From my little brownstone in old Bedstuy I can hear the world without leaving home.
Through the peeled paint of 18th century walls, over the creaking of wooden floors, quotidian stories of triumphs and troubles are told as I make my way to the door.
Take for example, Apartment 1A, the one with the grand entrance near the staircase. Inside lives a vivacious tenor, always entertaining, his guests he amuses with his contagious energy. He might be young, in his thirties, don’t think he has a girlfriend, but he has a terrace. I heard him play “Love Me Tender” in his room, he’s sentimental when he is alone.
Another day, I climbed to the third floor to where the washing machine is posed. I was folding my delicates next to the dryer and overheard a woman enthusiastic on the phone, “Oh that’s great news!” to the mystery caller, then to her partner, “It’s just right there!” To which her partner (I’m assuming her partner) responded, “yeah that’s great.” I think his name is Max. I wondered what the good news was. Did they find a new tax accountant? A new house? If they’re moving out of Apartment 3A, could I buy their old bike?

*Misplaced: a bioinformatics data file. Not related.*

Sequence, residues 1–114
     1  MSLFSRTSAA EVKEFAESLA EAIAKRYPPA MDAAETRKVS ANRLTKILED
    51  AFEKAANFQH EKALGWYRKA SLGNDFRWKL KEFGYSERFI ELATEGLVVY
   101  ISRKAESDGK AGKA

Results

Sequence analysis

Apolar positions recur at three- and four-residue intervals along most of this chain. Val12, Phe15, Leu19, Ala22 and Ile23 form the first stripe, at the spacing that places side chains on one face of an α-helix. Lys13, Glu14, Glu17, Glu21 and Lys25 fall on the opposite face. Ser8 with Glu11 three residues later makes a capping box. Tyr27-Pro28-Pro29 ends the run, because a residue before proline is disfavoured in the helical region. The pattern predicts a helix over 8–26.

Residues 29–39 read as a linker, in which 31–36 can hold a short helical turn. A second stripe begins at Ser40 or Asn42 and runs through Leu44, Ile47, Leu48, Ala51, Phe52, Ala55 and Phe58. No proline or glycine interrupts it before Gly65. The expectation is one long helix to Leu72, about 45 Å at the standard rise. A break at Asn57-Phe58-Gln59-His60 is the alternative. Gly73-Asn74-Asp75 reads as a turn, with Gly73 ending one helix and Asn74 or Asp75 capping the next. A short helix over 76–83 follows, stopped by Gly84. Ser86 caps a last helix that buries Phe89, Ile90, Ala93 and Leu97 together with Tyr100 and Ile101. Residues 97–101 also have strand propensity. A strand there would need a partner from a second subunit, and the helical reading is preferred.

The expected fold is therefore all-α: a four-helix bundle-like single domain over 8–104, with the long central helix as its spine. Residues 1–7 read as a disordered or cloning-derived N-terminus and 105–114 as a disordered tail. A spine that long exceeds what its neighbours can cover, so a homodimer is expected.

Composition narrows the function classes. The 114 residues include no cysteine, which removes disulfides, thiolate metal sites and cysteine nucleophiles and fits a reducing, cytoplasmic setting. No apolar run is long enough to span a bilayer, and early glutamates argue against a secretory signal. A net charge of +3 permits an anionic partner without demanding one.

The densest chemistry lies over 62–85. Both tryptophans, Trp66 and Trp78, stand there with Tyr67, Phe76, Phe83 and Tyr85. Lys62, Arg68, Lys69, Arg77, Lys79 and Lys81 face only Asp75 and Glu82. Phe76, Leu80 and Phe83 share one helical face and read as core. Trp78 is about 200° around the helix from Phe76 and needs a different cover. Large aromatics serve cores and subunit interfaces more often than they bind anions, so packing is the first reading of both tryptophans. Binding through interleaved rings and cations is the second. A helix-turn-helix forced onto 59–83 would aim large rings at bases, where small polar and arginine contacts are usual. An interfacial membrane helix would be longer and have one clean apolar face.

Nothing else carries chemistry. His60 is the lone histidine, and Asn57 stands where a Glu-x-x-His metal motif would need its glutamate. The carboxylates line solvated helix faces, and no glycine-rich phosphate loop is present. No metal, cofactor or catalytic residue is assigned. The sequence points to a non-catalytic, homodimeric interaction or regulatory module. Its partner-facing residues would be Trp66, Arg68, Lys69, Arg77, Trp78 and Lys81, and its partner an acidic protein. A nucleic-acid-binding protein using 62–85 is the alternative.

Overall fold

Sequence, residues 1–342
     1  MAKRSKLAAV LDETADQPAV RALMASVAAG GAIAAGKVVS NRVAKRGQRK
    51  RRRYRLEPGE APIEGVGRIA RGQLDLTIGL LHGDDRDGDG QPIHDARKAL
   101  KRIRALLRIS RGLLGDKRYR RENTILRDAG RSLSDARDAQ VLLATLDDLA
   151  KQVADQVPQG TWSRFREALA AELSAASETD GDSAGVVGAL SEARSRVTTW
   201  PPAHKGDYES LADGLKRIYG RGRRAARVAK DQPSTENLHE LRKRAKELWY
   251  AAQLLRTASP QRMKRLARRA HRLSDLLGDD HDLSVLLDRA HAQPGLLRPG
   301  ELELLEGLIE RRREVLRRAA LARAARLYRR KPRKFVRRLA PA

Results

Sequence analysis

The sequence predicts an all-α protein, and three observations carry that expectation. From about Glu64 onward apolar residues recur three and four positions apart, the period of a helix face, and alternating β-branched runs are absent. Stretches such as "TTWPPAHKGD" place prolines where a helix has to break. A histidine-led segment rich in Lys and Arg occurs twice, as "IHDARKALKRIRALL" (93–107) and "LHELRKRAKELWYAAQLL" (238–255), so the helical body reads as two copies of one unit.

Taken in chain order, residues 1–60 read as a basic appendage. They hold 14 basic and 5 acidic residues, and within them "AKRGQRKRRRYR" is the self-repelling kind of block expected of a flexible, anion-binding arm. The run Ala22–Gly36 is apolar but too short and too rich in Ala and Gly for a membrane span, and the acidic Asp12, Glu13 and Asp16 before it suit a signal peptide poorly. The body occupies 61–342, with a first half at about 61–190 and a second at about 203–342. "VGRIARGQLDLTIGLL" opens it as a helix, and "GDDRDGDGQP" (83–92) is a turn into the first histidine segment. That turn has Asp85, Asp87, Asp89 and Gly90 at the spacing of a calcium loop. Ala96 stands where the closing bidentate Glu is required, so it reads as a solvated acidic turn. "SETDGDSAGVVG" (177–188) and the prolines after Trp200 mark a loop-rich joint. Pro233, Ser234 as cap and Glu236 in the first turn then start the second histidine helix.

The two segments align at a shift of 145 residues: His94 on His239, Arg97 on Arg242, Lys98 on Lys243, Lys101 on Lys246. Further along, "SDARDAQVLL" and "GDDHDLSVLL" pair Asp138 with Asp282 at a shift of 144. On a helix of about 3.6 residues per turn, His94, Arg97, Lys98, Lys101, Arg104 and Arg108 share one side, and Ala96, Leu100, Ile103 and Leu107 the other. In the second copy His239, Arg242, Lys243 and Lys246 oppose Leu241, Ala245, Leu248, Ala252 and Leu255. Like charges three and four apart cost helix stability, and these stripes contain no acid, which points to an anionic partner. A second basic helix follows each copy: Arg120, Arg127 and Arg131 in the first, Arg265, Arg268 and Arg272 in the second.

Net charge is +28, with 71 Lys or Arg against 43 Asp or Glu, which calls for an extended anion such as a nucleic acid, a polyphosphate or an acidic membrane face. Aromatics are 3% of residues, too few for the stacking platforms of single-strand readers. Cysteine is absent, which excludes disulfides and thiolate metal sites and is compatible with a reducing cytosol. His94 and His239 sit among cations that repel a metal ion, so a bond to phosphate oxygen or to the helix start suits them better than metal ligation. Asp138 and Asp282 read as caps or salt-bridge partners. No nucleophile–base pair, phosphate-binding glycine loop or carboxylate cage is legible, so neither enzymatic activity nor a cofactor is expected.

I took my laundry basket and down the stairs I went, but as I was passing Apartment 2B, I distinctly heard a “Woof!” and well, there’s no denying what that woof could be. I wonder how she hides it at all, especially when forced to give it a walk. Maybe if it’s small, she puts it in her tote? I don’t think the landlord knows.
One late evening I heard a couple spat, as I was racing in fury up the steps, “Why can’t you just apologize? Say you’re sorry so I can move on?!” but maybe it was in my head.
At last, my most loquacious neighbors do not live within, but out by the fire escape, noisy, ‘til the light goes dim. They zip through locales indifferently, no doors to knock on I assume, and no matter the pitch of their belted songs, their stories abstruse to my uneducated drums. Do they know each other’s kin, and do they ask for sugar? That’s too much to ask those in my old brownstone, I know their lives, but I can’t ask their name.